SOMALIA: US Military Admits Killing Two Civilians in Terrorist War
After an internal review, it turns out a strike last year killed two civilians.
By Alex Ward
The US military just admitted for the first time that its ongoing war in Somalia has killed civilians — after years of denying that this was the case.
In a statement Friday morning, US Africa Command (AFRICOM) — the military organization responsible for overseeing American operations in Africa — said that it had accidentally killed two civilians, a woman and a child, in an April 1, 2018, airstrike. The revelation came after a mandated review, the military continued, and says their deaths weren’t “properly reported” at the time.
The April 2018 strikes, which AFRICOM also says killed four terrorists, form part of the US war against al-Shabaab — a Somalia-based terrorist organization with ties to al-Qaeda — that began under the Obama administration and has continued until now.
But Friday’s disclosure comes just a month after AFRICOM’s military leadership testified in front of Congress that no civilians have been harmed during the conflict. It also comes after Amnesty International, a human rights group, released a report on March 20 claiming that at least 14 civilians had died due to American airstrikes. The military denied the assertion, but AFRICOM said its review of civilian casualties was prompted in part by the report.
“AFRICOM’s acknowledgement of civilian casualties is an important step forward from their previous denials of any civilian deaths or injuries from US air strikes in Somalia,” Daphne Eviatar, a director at Amnesty International, said in a Friday statement after the military’s acknowledgment of the civilian casualties.
On March 26, Rep. Ilhan Omar (D-MN), whose family comes from Somalia, asked a panel of experts during a House Foreign Affairs Committee hearing if they thought the US military hadn’t killed civilians over years of airstrikes.
“There’s a fog of war in a place like Somalia,” responded Joshua Meservey, an expert on the campaign at the Heritage Foundation, a conservative think tank in Washington, DC. “It’s very difficult to distinguish there the difference between combatants and non-combatants.”
In a phone call with reporters 90 minutes after the statement, Marine Maj. Gen. Gregg Olson, the director of operations in the area, said his command’s review continues and “should we find additional [information], we’ll be transparent about that.”
The announcement is a big deal, and could draw attention to an ongoing but seldom-discussed conflict.
The US has quietly waged war in the East African country for years with little public pushback. President Donald Trump just weeks into his term issued an order allowing the military to ramp up airstrikes in Somalia, which some critics warned would increase the chance of civilian casualties.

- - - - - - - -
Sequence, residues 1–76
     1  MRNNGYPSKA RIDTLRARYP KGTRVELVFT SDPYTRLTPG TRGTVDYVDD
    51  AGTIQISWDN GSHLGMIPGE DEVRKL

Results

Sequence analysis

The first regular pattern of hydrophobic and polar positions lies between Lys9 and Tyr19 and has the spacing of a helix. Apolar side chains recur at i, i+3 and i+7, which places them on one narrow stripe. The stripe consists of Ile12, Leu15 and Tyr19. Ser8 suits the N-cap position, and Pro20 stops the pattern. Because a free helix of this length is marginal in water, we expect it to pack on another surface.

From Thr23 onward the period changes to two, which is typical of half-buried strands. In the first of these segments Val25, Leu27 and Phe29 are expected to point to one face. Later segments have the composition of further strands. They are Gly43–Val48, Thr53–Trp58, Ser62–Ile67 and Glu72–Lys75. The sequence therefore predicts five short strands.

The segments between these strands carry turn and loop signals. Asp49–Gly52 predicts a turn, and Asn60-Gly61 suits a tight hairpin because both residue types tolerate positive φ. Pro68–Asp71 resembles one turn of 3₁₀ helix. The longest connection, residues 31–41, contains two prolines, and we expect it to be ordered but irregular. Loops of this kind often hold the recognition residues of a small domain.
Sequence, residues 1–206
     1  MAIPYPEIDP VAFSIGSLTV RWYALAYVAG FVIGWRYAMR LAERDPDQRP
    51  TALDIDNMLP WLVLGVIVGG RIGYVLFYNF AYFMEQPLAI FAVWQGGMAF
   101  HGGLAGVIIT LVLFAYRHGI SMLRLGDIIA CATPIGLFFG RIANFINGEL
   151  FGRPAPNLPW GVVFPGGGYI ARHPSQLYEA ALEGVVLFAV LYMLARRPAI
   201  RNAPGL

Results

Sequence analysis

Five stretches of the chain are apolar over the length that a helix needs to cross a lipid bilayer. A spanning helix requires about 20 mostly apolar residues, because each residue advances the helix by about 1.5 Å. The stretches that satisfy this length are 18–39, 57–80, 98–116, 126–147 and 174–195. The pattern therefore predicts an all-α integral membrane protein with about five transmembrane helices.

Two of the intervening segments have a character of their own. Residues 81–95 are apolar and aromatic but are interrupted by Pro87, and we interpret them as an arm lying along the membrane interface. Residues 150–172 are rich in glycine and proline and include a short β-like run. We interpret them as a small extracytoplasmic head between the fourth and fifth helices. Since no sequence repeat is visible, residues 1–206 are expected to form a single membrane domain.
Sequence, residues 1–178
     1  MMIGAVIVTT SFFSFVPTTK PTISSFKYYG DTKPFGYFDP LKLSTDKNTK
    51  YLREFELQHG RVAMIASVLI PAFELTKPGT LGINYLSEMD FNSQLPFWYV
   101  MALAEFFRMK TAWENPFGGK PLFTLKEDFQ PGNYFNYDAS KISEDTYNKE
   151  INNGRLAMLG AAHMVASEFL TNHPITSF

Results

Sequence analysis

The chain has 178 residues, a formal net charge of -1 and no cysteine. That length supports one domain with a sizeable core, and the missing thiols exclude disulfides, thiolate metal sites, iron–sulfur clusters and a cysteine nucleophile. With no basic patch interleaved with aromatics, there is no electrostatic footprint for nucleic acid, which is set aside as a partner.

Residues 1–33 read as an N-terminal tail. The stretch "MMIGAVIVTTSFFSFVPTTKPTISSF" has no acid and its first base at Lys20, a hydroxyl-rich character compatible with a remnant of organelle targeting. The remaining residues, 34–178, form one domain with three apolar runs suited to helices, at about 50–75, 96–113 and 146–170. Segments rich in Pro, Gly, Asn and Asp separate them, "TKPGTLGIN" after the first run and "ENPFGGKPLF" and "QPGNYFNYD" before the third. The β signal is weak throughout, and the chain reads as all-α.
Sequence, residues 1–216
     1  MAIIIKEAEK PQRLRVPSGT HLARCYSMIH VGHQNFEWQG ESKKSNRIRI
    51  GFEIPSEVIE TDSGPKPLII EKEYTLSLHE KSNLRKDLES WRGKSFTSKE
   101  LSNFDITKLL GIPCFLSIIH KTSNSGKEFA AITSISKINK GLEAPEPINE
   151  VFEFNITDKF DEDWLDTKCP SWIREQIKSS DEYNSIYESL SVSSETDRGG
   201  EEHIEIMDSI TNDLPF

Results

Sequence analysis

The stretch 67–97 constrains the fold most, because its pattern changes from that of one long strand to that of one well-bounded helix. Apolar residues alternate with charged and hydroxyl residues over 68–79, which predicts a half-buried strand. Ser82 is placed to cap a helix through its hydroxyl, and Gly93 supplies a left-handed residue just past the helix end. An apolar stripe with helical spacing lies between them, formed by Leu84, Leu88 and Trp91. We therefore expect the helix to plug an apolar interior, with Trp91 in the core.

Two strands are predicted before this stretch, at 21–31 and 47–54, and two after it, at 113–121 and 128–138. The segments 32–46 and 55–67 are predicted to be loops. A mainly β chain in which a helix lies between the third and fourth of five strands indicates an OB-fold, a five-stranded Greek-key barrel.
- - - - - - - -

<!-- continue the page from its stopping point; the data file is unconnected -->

The American military consistently saying it only killed terrorists during the effort — never civilians — surely helping it avoid scrutiny. That gave US troops the space to launch 110 airstrikes with drones and manned aircraft on al-Shabaab targets in Somalia since 2017, according to AFRICOM’s own numbers. The military is on pace to triple its usual rate of airstrikes in Somalia this year.
I spoke to Meservey on Friday about what he thinks the revelation means. His answer: Likely not much will change.
“I don’t think the report of civilian casualties will bring a lot of extra scrutiny,” he told me. “Congress has known these strikes have been going for years, and with so much going on internationally, I think Somalia will remain a backburner issue for most of the US public.”
Why the US is at war with al-Shabaab
Al-Shabaab, a militant group composed of roughly 7,000 to 9,000 fighters, has two main goals.
The first is to control all of Somalia.
The group started fighting an insurgency in the country in 2006 after it split off from a bigger organization that Ethiopian forces eventually defeated. It retreated to the country’s south, regrouped, and began launching attacks.
At its height, al-Shabaab controlled roughly one-third of Somalia, including parts of the capital, Mogadishu. But after years of military pressure from the US-supported African Union Mission in Somalia (AMISOM) coalition, al-Shabaab now controls only about 10 percent of the country, experts say. Washington’s airstrikes have played a part in that decline.
Al-Shabaab remains extremely dangerous, though. In January, four of its militants killed 14 people at a luxury hotel in Nairobi, Kenya, in a siege that lasted more than 20 hours.
In September 2013, it attacked Nairobi’s Westgate mall in a siege that lasted roughly 80 hours. The assailants threw grenades and shot wildly at shoppers, ultimately killing at least 67 people. And in April 2015, the group killed nearly 150 students at Garissa University in northeastern Kenya in what remains the group’s deadliest strike.
It’s worth noting, though, that the group mostly attacks targets in Somalia itself. Last December, a car bomb placed by an al-Shabaab militant killed at least 16 people in Mogadishu.
Al-Shabaab’s second goal is to “liberate” Muslims in the region from so-called apostate rule. Kenya, for example, borders Somalia and has a large Muslim and ethnic Somali population that the group feels it could free and even bring into its ranks. That explains why it’s been such a target in recent years.
Many people reject the group outright, of course, and al-Shabaab’s degradation over the years makes it harder to recruit those who may be on the fence about joining. So big terrorist attacks are a way for the group to show it’s still a powerful fighting force.
The US has an interest in fighting terrorist groups and protecting allies, like Kenya, from harm. The question now is if the Trump administration will decide that it’s worth killing civilians in Somalia to do so.